How does a glassblowing dancer from Vermont end up the helm of an art museum in Virginia? The path was far more logical and linear than it may seem for Charlotte Potter Kasic, who was officially named executive director of ODU’s Barry Art Museum early last year.
After earning her undergraduate degree from New York’s Alfred University with a concentration in glassblowing and a minor in dance, Kasic apprenticed with artists from Philadelphia to Santa Fe before starting a touring performance glass group called Cirque de Verre. Before too long, she was accepted into the MFA program at the Rhode Island School of Design where she focused on the performative aspects of the medium through installation and video.
Following an artist’s residency in Australia, she returned to the States to be the founding Programming Director of the Perry Glass Studio at the Chrysler Museum of Art. From that post, she helped found Norfolk’s NEON district, founded the NEON festival and produced the Glass Art Society Conference in 2017. Thereafter she returned to Vermont—a new mom needing the support of her family—to serve as executive director at Yestermorrow Design/Build School, which afforded her experience managing teams that she had not personally assembled. While at Yestermorrow, her team created the Tiny House Festival, which attracted thousands of people to her hometown of Waitsfield with a population under 2,000.
“I have always been enamored with the production of an event, whether it be a happening, a performance, an exhibition, or even a dinner party,” says Kasic. “I love to build a multi-sensory concept: lighting, sound, smell, taste and visual components. Building a team and coming together towards a common goal is exhilarating and gives me a real sense of accomplishment. My experiences with glassblowing teams, creating set designs for my sister’s band, producing festivals, and assembling and organizing ambitious and collaborative teams have all informed my job at the Barry Art Museum. Making contemporary artwork accessible to the public is always at the heart of my professional practice.”
While she never consciously pursued arts administration, Kasic discovered it serendipitously through a single museum studies class in graduate school. “This course pulled back the curtain on the inner workings of the museum world: both illustrious and downright quirky (see the Mutter Museum in Philadelphia!). I learned that as a researcher, you can approach any museum and request access to their archives, curatorial staff and even storage. This new perspective emboldened me to approach museums as a resource, to use them for research, and ultimately to apply for positions within them.”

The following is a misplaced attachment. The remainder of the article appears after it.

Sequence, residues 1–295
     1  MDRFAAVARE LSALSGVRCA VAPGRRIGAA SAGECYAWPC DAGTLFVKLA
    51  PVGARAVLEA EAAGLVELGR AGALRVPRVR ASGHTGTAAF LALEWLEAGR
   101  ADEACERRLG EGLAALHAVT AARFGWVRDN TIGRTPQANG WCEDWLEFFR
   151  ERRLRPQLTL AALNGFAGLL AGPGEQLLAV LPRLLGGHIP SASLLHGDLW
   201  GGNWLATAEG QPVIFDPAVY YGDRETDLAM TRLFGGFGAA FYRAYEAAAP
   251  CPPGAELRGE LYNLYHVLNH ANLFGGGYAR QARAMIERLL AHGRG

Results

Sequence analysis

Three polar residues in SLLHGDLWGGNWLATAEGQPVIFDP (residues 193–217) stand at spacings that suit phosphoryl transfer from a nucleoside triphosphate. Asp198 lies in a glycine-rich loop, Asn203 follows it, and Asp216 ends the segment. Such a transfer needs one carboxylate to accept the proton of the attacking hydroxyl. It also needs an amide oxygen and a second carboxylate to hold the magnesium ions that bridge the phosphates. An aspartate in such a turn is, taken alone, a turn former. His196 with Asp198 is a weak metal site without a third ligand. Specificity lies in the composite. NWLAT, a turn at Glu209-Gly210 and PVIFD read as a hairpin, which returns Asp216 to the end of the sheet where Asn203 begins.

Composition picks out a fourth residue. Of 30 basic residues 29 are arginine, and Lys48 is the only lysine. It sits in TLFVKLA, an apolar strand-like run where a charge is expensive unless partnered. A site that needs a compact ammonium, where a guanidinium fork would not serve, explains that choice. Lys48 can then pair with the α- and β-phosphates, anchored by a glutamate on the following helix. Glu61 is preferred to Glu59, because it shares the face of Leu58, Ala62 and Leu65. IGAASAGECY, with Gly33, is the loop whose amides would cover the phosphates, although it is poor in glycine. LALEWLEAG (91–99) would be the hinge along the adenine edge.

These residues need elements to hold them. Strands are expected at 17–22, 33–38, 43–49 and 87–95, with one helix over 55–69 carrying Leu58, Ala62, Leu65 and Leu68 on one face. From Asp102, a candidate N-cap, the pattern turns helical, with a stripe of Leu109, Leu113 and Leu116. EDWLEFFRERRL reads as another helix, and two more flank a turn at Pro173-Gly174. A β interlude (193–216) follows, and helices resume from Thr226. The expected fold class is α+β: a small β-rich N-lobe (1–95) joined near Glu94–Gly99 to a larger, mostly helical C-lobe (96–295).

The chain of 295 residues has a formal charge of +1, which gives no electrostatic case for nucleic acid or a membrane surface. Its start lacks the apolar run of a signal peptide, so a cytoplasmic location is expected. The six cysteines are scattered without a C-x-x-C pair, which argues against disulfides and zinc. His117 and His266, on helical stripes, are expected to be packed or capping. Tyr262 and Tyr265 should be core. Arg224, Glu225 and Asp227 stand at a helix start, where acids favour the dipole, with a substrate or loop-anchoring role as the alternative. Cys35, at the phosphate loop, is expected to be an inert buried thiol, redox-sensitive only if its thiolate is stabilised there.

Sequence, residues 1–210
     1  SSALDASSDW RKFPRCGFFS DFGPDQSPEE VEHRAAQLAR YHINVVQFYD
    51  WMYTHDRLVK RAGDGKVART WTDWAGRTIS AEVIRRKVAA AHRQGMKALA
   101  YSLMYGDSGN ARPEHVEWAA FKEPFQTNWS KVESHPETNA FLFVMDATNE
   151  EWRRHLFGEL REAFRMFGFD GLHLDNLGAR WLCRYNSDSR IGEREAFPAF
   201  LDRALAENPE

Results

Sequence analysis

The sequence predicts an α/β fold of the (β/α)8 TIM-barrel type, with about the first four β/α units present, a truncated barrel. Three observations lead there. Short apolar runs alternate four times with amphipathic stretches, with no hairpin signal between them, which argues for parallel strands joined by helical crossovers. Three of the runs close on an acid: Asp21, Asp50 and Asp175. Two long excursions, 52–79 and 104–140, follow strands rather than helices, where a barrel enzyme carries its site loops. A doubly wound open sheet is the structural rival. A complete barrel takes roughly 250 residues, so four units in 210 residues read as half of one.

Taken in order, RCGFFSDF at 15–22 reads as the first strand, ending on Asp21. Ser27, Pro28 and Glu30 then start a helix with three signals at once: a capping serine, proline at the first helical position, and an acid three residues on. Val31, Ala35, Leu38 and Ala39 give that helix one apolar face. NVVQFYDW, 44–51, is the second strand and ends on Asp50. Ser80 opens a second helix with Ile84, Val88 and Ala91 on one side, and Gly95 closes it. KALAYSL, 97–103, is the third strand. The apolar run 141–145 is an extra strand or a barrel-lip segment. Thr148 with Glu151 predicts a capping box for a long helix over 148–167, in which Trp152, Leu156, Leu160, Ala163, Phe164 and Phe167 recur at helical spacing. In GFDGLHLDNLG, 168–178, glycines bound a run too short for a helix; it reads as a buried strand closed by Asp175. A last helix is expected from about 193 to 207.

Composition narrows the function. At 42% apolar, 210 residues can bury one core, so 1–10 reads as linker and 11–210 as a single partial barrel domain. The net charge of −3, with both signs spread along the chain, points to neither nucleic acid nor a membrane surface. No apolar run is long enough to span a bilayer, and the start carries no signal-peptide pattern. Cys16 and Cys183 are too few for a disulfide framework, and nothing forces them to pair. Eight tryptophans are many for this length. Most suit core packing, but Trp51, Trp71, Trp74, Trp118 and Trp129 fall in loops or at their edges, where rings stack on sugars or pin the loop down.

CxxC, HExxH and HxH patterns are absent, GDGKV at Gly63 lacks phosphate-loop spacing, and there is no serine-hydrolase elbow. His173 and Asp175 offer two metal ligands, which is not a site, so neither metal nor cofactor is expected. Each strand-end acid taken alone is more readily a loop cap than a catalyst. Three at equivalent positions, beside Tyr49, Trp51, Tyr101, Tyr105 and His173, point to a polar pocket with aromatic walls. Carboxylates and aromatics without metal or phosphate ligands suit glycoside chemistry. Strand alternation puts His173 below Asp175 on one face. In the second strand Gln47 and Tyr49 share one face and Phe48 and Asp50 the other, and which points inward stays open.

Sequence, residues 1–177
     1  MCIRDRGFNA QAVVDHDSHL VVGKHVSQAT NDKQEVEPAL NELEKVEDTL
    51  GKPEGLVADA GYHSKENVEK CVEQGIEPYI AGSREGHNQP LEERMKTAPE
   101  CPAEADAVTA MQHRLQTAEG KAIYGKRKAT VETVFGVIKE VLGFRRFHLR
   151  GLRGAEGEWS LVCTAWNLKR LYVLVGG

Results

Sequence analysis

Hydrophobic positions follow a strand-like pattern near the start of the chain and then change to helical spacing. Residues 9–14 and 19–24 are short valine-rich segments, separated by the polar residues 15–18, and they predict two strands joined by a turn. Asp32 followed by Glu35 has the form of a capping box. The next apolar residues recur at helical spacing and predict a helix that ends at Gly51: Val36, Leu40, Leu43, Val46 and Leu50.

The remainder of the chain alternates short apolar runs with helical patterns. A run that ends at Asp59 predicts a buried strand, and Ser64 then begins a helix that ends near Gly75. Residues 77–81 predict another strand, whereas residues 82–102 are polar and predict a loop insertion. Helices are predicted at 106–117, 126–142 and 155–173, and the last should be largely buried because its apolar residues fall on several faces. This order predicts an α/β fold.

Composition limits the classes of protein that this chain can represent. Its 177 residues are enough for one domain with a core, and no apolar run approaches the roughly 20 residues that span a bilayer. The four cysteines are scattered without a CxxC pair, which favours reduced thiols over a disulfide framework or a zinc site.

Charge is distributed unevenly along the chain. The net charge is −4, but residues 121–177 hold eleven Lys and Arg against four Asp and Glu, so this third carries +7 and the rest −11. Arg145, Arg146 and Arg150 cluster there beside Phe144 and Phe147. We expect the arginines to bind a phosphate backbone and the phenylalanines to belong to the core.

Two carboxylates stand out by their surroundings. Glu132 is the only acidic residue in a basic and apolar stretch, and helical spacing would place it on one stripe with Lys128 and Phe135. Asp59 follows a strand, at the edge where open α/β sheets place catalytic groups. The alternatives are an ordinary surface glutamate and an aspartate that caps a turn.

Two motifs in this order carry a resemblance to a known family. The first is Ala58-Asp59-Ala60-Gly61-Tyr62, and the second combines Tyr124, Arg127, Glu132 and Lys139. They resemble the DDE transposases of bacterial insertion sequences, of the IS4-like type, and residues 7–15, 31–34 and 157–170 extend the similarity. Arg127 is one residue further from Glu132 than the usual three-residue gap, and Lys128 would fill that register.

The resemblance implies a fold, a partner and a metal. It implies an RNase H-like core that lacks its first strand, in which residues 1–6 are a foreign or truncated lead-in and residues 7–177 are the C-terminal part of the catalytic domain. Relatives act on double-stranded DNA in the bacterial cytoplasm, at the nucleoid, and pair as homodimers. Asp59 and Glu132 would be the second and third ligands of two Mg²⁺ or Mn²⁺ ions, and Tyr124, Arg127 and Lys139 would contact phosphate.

Kasic considers her work with the Perry Glass Studio a pivotal moment of “investment, joy and collaboration.” There she was able to build the mission, programs, budget and a multilayered team with the support of the Chrysler Museum. Perhaps the most exciting part was to play matchmaker and pair visual, culinary and musical artists together for unusual projects, residencies and performances. “I would never have left if I hadn’t started a family,” she reflects.
The opportunity to be involved with the Barry Art Museum, which opened in 2018, was definitely a “right place at the right time” scenario, as her husband’s work brought the young family back to Coastal Virginia. When the manager of education and engagement post came open and she was hired, she felt reinvigorated by the opportunity to learn from then executive director Jutta Page. The pandemic and Page’s retirement created an opening for interim director and then executive director—into which Kasic “jumped unabashedly.” She feels honored to continue Page’s work, “nurturing the remarkable institution she built.”
With two young children, Kasic’s own artistic process has been put on hold. However, she is philosophical: “Channeling my creative impulse into an institution is a delightful evolution…being on a college campus gives me access to scientists, historians, psychologists, poet laureates and engineers! I miss the catharsis of making my own work, but my current focus allows me to be truly immersed in parenting and growing the Barry Art Museum.”
The interdisciplinary conversations and academic connections excite her as she looks for overlapping areas. What do an artist and an engineer have in common? What motivates them? How can they learn from one another? What can we learn from their collaboration?
“Time will be the true judge of who is the right person to lead our institution,” says Kasic modestly, “but I am honored to help foster the Barry Art Museum to the next stage of its evolution.”